This content will become publicly available on February 1, 2024
- NSF-PAR ID:
- Date Published:
- Journal Name:
- Journal of Applied Crystallography
- Page Range / eLocation ID:
- 135 to 142
- Medium: X
- Sponsoring Org:
- National Science Foundation
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Critical state and continuum plasticity theories have been used in research and engineering practice in soil and rock mechanics for decades. These theories rely on postulated relationships between material stresses and strains. Some classical postulates include coaxiality between stress and strain rates, stress–dilatancy relationships, and kinematic assumptions in shear bands. Although numerical and experimental data have quantified the strains and grain kinematics in such experiments, little data quantifying grain stresses are available. Here, we report the first-known grain stress and local strain measurements in triaxial compression tests on synthetic quartz sands using synchrotron X-ray tomography and 3D X-ray diffraction. We use these data to examine the micromechanics of shear banding, with a focus on coaxiality, stress-dilatancy, and kinematics within bands. Our results indicate the following: 1) elevated deviatoric stress, strain, and stress ratios in shear bands throughout experiments; 2) coaxial principal compressive stresses and strains throughout samples; 3) significant contraction along shear bands; 4) vanishing volumetric strain but nonvanishing stress fluctuations throughout samples at all stages of deformation. Our results provide some of the first-known in situ stress and strain measurements able to aid in critically evaluating postulates employed in continuum plasticity and strain localization theories for sands.more » « less
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Localized residual stress and elastic strain concentrations in microelectronic devices often affect the electronic performance, resistance to thermomechanical damage, and, likely, radiation tolerance. A primary challenge for the characterization of these concentrations is that they exist over sub-μm length-scales, precluding their characterization by more traditional residual stress measurement techniques. Here, we demonstrate the use of synchrotron x-ray-based differential aperture x-ray microscopy (DAXM) as a viable, non-destructive means to characterize these stress and strain concentrations in a depth-resolved manner. DAXM is used to map two-dimensional strain fields between the source and the drain in a gallium nitride (GaN) layer within high electron mobility transistors (HEMTs) with sub-μm spatial resolution. Strain fields at various positions in both pristine and irradiated HEMT specimens are presented in addition to a preliminary stress analysis to estimate the distribution of various stress components within the GaN layer. γ-irradiation is found to significantly reduce the lattice plane spacing in the GaN along the sample normal direction, which is attributed to radiation damage in transistor components bonded to the GaN during irradiation.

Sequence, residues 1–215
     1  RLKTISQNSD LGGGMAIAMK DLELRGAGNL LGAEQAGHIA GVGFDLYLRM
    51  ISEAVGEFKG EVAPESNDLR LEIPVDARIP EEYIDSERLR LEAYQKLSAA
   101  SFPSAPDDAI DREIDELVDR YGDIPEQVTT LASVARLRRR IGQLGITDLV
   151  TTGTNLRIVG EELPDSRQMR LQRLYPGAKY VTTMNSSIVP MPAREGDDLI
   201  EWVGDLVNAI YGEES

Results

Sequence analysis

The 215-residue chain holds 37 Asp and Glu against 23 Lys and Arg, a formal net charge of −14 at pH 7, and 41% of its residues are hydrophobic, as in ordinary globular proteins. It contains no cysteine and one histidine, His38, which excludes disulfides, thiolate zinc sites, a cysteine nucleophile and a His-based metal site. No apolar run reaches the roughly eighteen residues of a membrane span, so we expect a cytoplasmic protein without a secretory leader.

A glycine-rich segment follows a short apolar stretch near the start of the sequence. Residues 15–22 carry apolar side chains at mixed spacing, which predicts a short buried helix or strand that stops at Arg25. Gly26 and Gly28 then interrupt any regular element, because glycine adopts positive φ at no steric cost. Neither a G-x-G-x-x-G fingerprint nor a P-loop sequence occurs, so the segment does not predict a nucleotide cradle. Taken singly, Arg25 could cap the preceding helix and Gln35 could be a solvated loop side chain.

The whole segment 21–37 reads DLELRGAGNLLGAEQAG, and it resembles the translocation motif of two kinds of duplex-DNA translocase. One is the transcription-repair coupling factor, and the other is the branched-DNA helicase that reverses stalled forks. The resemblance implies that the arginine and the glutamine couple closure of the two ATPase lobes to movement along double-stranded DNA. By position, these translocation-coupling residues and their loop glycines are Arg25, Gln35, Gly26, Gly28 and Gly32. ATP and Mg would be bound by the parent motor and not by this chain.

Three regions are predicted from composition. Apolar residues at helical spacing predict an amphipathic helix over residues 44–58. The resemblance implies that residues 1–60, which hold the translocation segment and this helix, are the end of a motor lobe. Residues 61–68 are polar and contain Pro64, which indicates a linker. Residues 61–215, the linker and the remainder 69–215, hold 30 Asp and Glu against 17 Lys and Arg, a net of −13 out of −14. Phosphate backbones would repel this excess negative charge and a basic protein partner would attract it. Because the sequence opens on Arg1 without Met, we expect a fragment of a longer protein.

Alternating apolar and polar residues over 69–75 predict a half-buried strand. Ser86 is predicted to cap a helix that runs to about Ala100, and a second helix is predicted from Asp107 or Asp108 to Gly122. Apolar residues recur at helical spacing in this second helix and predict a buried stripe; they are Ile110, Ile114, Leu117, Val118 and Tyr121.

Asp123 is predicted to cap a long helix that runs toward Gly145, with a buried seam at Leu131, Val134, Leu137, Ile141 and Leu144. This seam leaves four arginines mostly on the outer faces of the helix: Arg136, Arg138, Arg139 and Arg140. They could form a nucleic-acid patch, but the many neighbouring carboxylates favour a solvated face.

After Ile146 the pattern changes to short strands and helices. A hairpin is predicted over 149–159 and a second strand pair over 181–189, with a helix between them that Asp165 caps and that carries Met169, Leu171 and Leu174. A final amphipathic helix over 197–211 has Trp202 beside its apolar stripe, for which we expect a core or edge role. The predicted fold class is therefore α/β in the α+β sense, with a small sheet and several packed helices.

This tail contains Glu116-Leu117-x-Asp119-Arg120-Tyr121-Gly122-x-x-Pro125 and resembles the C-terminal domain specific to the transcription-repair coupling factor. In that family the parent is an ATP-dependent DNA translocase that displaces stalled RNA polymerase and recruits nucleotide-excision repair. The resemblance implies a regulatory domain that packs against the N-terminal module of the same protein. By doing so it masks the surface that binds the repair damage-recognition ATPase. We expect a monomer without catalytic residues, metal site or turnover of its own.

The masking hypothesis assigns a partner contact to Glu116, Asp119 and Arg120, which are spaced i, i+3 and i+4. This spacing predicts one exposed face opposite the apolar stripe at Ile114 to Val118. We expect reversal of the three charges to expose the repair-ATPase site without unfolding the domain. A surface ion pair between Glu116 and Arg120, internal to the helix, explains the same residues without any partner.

SUMMARY Anisotropy of remanent magnetization and magnetic susceptibility are highly sensitive and important indicators of geological processes which are largely controlled by mineralogical parameters of the ferrimagnetic fraction in rocks. To provide new physical insight into the complex interaction between magnetization structure, shape, and crystallographic relations, we here analyse ‘slice-and-view’ focused-ion-beam (FIB) nano-tomography data with micromagnetic modelling and single crystal hysteresis measurements. The data sets consist of 68 magnetite inclusions in orthopyroxene (Mg60) and 234 magnetite inclusions in plagioclase (An63) were obtained on mineral separates from the Rustenburg Layered Suite of the Bushveld Intrusive Complex, South Africa. Electron backscatter diffraction was used to determine the orientation of the magnetite inclusions relative to the crystallographic directions of their silicate hosts. Hysteresis loops were calculated using the finite-element micromagnetics code MERRILL for each particle in 20 equidistributed field directions and compared with corresponding hysteresis loops measured using a vibrating sample magnetometer (VSM) on silicate mineral separates from the same samples. In plagioclase the ratio of remanent magnetization to saturation magnetization (Mrs/Ms) for both model and measurement agree within 1.0 per cent, whereas the coercivity (Hc) of the average modelled curve is 20 mT lower than the measured value of 60 mT indicating the presence of additional sources of high coercivity in the bulk sample. The VSM hysteresis measurements of the orthopyroxene were dominated by multidomain (MD) magnetite, whereas the FIB location was chosen to avoid MD particles and thus contains only particles with diameters <500 nm that are considered to be the most important carriers of palaeomagnetic remanence. To correct for this sampling bias, measured MD hysteresis loops from synthetic and natural magnetites were combined with the average hysteresis loop from the MERRILL models of the FIB region. The result shows that while the modelled small-particle fraction only explains 6 per cent of the best fit to the measured VSM hysteresis loop, it contributes 28 per cent of the remanent magnetization. The modelled direction of maximal Mrs/Ms in plagioclase is subparallel to plag, whereas Hc does not show a strong orientation dependence. The easy axis of magnetic remanence is in the direction of the magnetite population normal to (150)plag and the maximum calculated susceptibility (χ*) is parallel to plag. For orthopyroxene, the maximum Mrs/Ms, maximum χ* and the easy axis of remanence is strongly correlated to the elongation axes of magnetite in the opx direction. The maximum Hc is oriented along opx and parallel to the minimum χ*, which reflects larger vortex nucleation fields when the applied field direction approaches the short axis. The maximum Hc is therefore orthogonal to the maximum Mrs/Ms, controlled by axis-aligned metastable single-domain states at zero field. The results emphasize that the nature of anisotropy in natural magnetite does not just depend on the particle orientations, but on the presence of different stable and metastable domain states, and the mechanism of magnetic switching between them. Magnetic modelling of natural magnetic particles is therefore a vital method to extract and process anisotropic hysteresis parameters directly from the primary remanence carriers.more » « less